Australian cities score high in liveability awards. Melbourne has topped The Economist’s most liveable cities ranking five years in a row, with Adelaide, Sydney and Perth not far behind and Brisbane in the top 20. Australian cities rank well in other liveability surveys, too, if not so highly. Environment is one of the key factors that these surveys measure, but the data and methods being used are not very sophisticated.
Green infrastructure is a key contributor to these rankings. The networks of green and blue – taking in rivers and streams, parks, green wedges, gardens and tree-lined roads and rail – underpin urban liveability.
Yet, if we look at these valuable assets, they are mainly historical legacies of the 19th century. They include The Domain, Treasury-Fitzroy Gardens and Royal Park in Melbourne, Hyde and Centennial Parks in Sydney, King’s Park in Perth, the Adelaide Parklands and those in Brisbane, Hobart and Canberra.
Their creation was driven mainly by visions of what a city should look like and provide for its people. This was long before the invention of cost-benefit analysis and many of the other tools used to make the economic case for infrastructure.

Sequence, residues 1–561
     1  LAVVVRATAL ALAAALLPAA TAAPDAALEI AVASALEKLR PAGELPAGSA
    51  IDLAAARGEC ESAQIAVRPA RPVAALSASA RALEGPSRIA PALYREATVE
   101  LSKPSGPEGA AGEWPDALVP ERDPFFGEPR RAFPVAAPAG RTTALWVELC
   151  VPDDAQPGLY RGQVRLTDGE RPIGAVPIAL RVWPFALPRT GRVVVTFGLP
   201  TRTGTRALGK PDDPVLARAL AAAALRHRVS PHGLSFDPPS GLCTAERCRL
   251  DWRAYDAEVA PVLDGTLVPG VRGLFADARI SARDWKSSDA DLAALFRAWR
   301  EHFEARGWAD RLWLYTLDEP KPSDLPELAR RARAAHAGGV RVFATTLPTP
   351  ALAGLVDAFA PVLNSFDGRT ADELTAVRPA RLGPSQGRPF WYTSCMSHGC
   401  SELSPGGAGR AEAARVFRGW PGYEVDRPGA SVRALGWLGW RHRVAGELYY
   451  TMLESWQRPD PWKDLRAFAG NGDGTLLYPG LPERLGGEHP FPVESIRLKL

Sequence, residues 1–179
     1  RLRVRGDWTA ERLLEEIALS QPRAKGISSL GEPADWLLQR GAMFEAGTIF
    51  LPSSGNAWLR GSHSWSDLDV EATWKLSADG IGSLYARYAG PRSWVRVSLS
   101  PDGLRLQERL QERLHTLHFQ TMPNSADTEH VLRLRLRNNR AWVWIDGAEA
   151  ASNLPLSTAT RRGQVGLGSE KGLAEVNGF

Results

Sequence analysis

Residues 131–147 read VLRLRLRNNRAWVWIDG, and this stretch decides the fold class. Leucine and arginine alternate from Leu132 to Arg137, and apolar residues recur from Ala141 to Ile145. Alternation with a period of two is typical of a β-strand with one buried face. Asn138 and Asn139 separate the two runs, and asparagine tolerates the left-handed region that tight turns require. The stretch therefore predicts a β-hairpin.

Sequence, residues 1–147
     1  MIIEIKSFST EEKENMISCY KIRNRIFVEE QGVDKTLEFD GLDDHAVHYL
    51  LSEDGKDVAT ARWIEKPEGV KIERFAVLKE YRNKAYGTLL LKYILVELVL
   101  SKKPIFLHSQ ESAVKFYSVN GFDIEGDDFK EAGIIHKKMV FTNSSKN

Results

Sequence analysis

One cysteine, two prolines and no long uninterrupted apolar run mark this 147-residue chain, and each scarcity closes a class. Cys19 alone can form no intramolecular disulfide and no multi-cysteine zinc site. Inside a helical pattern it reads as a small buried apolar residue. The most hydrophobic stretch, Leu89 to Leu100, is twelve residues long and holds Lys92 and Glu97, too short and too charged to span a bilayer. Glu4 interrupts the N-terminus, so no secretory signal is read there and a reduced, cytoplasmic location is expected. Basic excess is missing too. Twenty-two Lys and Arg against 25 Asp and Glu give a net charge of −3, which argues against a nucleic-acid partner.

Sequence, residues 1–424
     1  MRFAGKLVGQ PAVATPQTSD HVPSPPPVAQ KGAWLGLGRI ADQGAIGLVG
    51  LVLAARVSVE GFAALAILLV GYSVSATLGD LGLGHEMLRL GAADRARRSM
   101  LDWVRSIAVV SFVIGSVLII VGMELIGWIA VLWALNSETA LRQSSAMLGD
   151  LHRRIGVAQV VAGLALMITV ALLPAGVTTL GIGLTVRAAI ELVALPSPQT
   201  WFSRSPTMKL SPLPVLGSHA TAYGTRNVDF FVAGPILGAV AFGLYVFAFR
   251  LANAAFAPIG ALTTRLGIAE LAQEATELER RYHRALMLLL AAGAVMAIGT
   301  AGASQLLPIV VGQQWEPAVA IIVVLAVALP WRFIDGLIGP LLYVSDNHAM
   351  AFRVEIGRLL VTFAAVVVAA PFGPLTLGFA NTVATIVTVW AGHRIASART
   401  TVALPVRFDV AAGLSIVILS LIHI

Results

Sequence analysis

Future-proofing urban environments
Today, if a key parcel of land is up for development, green infrastructure is often an afterthought, if considered at all. The recent reports that the former Victorian government rezoned Fishermans Bend, a former industrial site of 455 hectares, without proper regard for grey or green infrastructure are not unique.
In an area threatened by sea-level rise, increased flooding and heat island effects, to allow development that exacerbates these issues is extremely short-sighted.
But this is happening in many localities. Changing climate and the unintended consequences of small decisions, such as urban infilling, are making cities hotter, more prone to flash-flooding and less green. Rain gardens have aesthetic and practical value as they reduce urban flooding by slowing water run-off.
Local government authorities are on the front line with these issues. They carry the major burden of responsibility for developing and maintaining neighbourhood environments. Over the last few years, some councils have considerably increased spending on park renewal, rain gardens to slow runoff, water capture and recycling and urban forest strategies.
However, this is occurring in an economic environment where local government’s resources are limited and efficiency is emphasised at every turn. State governments run on a platform of capping rates, not considering whether those rates reinvested by council generate ongoing socially beneficial returns.
When communities are asked what they want councils to invest in, green infrastructure is usually high on the list. Local government has recognised these pressures, identifying the need to build better business cases for green infrastructure projects and programs in order to justify their expenditure.